Um, but an actual plaintiff: you wanna go individually against 
that entity, win a *pile* of money, and then let all the other 9 
million Americans, or how many are affected, *also* then file 
their own cases all over the country. They already have your case 
that set the precedent, that has made the rule that has said, 
"You won." O.K.?

HARDER: By the same token, let me squeeze this in: If you do file 
an individual suit and you *lose*, it does not prevent somebody 
else from "comin' back." [i.e. filing their own suit of similar 

THOMPSON: That's right. And the government can argue, "Well, this 
person lost," but you've always got the opportunity to say, "Well 
my circumstances are different. It's not the same case. I'm a 
different plaintiff. I can still sue."

But if the other person *wins*, then you identify with that person 
and say, "I'm just *exactly* like this guy that just won. And he 
got," you know, "5 million. I should too." And then the 
government's on the defensive. They have to prove why not.

But it makes it eminently easier for the plaintiff, and *much* 
more difficult for the defendant, if it's *not* a class action.

BILL: Let me ask you: Did you say you filed suit?


BILL: Who do you represent?


BILL: Yourself?

THOMPSON: Uh-huh [affirmative]. I... You have to have "standing" 
in a case. For instance, an average citizen, it's very difficult 
to find a basis to sue the government on, when you aren't 
directly involved. For instance, if you're not a Branch Davidian 
in Waco, even though all of us as American citizens, our rights 
are being affected by this case and the things that are going on, 
that's not good enough to bring a lawsuit over it. The court'll 
kick you out and say, "Well you aren't directly affected by 
that." So you don't have what's called "standing."

Well I have standing, because while I was down there I was held 
at a roadblock and an ATF agent held a machine gun at my head for 
20 minutes and they illegally searched my car. They took property 
out of my car. They detained me for 2 hours and questioned me at 
a tent alongside this roadblock without probable cause, never 
filed charges, and eventually let us go.

And stole some film from us. I got a picture of this ATF agent 
holding a machine gun at my head! And was able to smuggle it out 
of there successfully; I hid it behind the glove box of the car 
before they searched the car.

Now that's my standing. I was directly affected by the entire, 
illegal operation that was going on in Waco. That ATF agent 
wouldn't have been in the roadblock legally, period. He wasn't 
there legally. And he was only there because of everything that 
led up to the Waco siege and because of the direct involvement of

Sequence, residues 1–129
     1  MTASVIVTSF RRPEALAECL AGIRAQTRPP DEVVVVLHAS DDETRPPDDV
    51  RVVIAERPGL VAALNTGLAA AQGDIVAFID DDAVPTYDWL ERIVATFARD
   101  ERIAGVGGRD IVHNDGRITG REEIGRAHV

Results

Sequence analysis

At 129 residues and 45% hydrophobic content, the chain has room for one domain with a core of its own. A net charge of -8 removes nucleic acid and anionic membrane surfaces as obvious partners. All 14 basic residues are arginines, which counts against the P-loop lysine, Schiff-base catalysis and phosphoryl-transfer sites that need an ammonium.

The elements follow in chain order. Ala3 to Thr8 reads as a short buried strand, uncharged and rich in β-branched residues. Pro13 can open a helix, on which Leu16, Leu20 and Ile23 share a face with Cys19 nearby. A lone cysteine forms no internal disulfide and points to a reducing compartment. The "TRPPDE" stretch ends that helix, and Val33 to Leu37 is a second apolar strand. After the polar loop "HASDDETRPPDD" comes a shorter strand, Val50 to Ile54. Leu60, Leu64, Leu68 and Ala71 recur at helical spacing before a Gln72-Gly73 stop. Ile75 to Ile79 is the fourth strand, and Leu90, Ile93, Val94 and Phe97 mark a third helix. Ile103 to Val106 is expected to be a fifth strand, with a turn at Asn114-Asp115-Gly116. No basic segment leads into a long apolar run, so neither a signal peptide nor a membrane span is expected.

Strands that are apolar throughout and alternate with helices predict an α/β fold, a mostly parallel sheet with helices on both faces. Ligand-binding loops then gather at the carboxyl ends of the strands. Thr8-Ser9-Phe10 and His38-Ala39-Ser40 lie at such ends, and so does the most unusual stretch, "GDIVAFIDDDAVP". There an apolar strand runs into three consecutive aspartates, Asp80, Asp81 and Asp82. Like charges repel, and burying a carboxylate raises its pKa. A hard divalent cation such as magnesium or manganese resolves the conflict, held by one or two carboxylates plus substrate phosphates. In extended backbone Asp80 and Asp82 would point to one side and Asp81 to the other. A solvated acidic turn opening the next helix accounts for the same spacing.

the executive branch. That gives me the right to sue everybody 
that had anything to do with it. And that's why, what I'm doing.

                    (to be continued)

-----------------------<< Notes >>-------------------------------
{1} "...the congressman who 'told it like it is.'" I saw this *60 
Minutes* episode. To my recollection, the congressman he is 
referring to is Luis Gutierrez(sp?) from Chicago.

{2} "...still 'fishing.'" Just like the highwaymen. They also go 
"fishing." For example, they put up signs lowering the speed 
limit because there is "road construction." So you slow down, 
form a single lane, and the people behind you are tailgating you, 
etc. "Come on, you moron! There's no 'road construction!'"
   A while later, you come to another "reduce speed" because 
there is "road construction." So you again slow down, form a 
single lane, and the people are tailgating you, etc. "Come on, 
you moron! There's no 'road construction!'"
   Then again, you come to another "road construction" situation. 
The sign says to reduce your speed to 45 m.p.h. But there is 
nobody *doing* any "road construction!" Here is your big mistake. 
A half mile ahead, there is a highwayman, fishing for taxes. But 
you figure, "Well, if I actually see anybody working, I'll slow 
down." A quarter-mile later, you see up ahead that there *really* 
are men working up ahead. So of course, you slow down. *But it is 
too late*! The highwayman has laid his trap well. He already has 
you on his radar.
   Conclusion of tale: The highwayman demands you pay the $75 in 
cash. *But* if you have "too much" cash, the highwayman will not 
like that either.

{3} Regarding bringing a lawsuit against Reno, etc. UPI has 
reported recently that Koresh's relatives have indeed filed a 
$153 million lawsuit against Janet Reno and others. [From the For 
the People *News Reporter*, July 11, 1994, page 1.]